This was not the way I visualized motherhood. Seeing a healthy child was so painful for me, I felt like I would collapse in tears. When I saw a baby that was the same age as Jacob, I had to look away. I couldn’t help thinking my son should be sitting like that by now; he should be able to smile, too. When I listened to a mother complain about her child needing glasses, I wanted to scream at her and tell her to be thankful for having a child who could walk and talk.
As we were given the freedom to venture farther away from his room, I started gaining confidence in my ability to feed him by myself and was beginning to overcome my revulsion at threading a tube up his nose and down his throat for the deep suctioning he sometimes required. I was terrified. I can still feel my inexperienced hands trembling as I snaked the tube in his nose until it reached the point where it would turn, move down his throat and clear the thick mucous that was impeding his airway. I was not enjoying this part of motherhood. Not one bit.
Then, all of a sudden, I realized that I had changed. Somehow along the way, in the midst of all the feedings, appointments, and isolation, I seemed to have stopped saying that I couldn’t handle it. I stopped feeling like I was going to scream every time we were told that there was nothing anyone could do. I stopped shaking every time I had to suction Jacob, and I stopped apologizing to strangers in waiting rooms for Jacob’s screaming.
Eventually I stopped saying “I can’t handle it.” I don’t know exactly when, but at some point, I realized that I can, and I had to.
It is well known that mother-bears will stop at nothing to defend their cubs. And that was me, I realized. Perhaps my child had disabilities, but still, I was a mother-bear. I had found strength and courage from reserves located somewhere deep, deep inside me. I started to question the medical professionals. I began to realize they did not have answers, and even though many were reluctant to admit it, I learned they knew little about how to help Jacob. But as time passed, as I became more comfortable with the tiny fighter who is my son, I realized that I could not depend on the doctors for the answers. Jacob is my son. I know him better than a doctor who examines him for 10 minutes, despite the plethora of degrees hanging on his office wall.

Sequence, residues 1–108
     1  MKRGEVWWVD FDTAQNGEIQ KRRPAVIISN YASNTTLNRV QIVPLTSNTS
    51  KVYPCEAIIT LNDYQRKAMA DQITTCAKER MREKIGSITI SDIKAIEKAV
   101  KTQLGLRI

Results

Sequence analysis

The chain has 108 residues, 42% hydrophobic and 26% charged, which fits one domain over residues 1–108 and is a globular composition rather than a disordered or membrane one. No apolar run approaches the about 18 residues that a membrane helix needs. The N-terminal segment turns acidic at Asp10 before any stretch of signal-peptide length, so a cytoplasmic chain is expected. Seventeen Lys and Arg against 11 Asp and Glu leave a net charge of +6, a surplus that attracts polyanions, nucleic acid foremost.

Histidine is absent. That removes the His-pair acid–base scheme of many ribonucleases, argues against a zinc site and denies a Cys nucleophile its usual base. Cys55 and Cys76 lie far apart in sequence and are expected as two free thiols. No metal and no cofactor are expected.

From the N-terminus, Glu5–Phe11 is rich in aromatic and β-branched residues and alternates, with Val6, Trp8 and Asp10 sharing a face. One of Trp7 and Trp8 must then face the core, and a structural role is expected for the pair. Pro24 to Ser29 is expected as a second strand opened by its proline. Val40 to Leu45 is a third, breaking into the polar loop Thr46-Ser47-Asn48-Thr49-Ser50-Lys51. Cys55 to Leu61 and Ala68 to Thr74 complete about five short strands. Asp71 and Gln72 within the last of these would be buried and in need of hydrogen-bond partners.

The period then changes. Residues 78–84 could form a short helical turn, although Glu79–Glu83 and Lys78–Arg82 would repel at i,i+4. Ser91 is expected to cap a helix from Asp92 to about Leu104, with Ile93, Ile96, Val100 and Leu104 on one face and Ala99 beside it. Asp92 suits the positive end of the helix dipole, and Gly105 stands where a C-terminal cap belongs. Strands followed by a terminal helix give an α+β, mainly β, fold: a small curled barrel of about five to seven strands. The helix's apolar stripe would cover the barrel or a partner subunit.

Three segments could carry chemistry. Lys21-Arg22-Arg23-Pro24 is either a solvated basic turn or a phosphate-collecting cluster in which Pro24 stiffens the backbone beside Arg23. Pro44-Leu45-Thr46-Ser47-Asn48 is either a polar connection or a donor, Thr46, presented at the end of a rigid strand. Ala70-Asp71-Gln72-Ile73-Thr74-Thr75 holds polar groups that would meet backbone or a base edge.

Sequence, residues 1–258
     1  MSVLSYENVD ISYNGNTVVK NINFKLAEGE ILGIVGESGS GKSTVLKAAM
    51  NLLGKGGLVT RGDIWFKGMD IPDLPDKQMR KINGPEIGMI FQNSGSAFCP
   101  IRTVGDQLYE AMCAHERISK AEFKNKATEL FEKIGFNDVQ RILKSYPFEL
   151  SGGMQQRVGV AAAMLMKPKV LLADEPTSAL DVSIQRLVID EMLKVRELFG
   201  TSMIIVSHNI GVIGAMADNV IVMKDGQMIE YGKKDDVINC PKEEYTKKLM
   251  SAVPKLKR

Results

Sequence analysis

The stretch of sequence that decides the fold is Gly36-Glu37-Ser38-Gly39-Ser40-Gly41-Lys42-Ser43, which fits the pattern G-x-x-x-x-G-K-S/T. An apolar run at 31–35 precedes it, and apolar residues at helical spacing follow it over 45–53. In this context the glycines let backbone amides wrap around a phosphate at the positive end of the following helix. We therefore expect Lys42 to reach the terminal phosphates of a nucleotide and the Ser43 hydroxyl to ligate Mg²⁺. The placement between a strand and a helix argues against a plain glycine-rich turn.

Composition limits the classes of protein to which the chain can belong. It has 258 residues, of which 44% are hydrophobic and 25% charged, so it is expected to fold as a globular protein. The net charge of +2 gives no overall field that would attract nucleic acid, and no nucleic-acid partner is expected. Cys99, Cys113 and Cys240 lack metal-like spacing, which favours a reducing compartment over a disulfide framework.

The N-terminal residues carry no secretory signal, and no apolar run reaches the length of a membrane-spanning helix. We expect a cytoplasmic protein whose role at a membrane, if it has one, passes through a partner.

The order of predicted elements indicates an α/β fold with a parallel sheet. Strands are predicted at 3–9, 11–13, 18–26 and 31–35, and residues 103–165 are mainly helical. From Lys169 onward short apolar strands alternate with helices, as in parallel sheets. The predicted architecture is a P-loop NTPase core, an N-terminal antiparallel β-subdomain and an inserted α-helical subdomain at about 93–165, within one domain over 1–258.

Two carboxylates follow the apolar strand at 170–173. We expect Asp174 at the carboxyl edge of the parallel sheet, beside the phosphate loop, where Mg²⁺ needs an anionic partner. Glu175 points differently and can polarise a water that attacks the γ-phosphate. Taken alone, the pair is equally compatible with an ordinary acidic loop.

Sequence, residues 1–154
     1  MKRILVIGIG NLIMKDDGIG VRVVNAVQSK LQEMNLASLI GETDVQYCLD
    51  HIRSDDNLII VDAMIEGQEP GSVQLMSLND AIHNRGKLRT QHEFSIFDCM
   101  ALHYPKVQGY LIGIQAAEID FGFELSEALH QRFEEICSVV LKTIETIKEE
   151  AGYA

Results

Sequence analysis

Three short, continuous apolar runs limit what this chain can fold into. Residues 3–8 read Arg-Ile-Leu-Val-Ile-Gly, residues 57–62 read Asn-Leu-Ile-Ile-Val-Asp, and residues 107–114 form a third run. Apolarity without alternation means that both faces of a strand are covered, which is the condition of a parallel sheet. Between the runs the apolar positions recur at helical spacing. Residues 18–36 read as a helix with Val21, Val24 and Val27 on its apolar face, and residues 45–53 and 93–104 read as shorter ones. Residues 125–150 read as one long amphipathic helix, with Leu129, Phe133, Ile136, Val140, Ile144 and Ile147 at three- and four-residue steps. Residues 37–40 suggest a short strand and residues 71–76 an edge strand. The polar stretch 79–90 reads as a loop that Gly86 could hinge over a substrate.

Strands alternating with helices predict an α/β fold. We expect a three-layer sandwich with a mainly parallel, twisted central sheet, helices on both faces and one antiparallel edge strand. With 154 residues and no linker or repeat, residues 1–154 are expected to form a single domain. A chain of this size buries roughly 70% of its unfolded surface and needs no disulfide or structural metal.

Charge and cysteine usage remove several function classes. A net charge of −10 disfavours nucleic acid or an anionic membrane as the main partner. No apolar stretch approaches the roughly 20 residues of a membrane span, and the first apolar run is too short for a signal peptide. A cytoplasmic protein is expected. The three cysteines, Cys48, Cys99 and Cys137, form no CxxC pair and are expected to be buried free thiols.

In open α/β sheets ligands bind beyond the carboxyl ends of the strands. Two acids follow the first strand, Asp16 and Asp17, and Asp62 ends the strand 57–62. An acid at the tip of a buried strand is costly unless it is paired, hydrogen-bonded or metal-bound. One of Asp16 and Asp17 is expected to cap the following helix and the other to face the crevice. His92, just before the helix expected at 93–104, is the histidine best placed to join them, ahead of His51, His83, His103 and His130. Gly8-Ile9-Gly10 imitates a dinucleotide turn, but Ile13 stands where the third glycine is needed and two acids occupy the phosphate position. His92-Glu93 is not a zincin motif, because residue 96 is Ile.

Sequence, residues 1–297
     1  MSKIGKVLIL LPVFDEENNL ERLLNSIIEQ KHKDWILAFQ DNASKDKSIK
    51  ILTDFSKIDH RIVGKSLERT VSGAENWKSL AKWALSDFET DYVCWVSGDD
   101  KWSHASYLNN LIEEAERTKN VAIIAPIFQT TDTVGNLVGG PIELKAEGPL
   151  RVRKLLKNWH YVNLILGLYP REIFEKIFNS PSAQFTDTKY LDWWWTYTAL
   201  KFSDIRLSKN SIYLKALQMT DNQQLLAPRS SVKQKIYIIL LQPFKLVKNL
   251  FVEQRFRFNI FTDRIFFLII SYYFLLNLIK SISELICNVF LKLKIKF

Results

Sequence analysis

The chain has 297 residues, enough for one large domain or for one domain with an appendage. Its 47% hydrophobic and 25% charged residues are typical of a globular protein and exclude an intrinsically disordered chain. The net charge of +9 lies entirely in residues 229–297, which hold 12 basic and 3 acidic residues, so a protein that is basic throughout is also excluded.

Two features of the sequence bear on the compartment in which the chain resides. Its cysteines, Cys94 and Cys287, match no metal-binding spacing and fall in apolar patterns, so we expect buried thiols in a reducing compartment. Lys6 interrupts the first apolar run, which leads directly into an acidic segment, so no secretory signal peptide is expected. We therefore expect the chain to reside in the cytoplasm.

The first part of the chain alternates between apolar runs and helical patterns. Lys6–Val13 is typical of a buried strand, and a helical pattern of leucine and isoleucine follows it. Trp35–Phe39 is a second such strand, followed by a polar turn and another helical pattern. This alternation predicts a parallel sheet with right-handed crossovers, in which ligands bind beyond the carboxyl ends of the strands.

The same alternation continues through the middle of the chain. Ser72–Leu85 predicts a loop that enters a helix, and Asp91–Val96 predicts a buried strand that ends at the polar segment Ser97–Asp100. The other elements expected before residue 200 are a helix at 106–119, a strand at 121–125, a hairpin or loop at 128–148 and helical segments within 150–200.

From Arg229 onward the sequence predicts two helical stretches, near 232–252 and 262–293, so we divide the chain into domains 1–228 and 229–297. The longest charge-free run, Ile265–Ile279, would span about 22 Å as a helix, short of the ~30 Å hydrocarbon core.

The doctors were doing their best, but I was the expert. During one of our many hospital visits, a doctor told me that he wanted to surgically remove a piece of Jacob’s skin for analysis. I asked why. I wanted to know if the results would lead to a treatment or if it was simply to add more details to Jacob’s voluminous medical file. At another appointment, a specialist suggested a second MRI. I weighed the potential benefits against the risk of not being able to remove the breathing tube required for the anesthetic. As my confidence grew, so did my voice. I decided that any medical test or procedure that Jacob would undergo must have the potential benefit of bringing us closer to a treatment. I would not let him suffer for the sake of gathering additional information that would be useful only in the context of academic publications about rare disorders.
Some of the professionals I’ve encountered have labeled me a demanding parent; others call me difficult because I don’t blindly accept what they say. I know what I am. I am a mother-bear who will stop at nothing to protect her cub. I will stop at nothing to make sure Jacob has the happiest, healthiest, and safest life possible. Because frankly, that’s my job.
For more information about PMD, visit curepmd.com.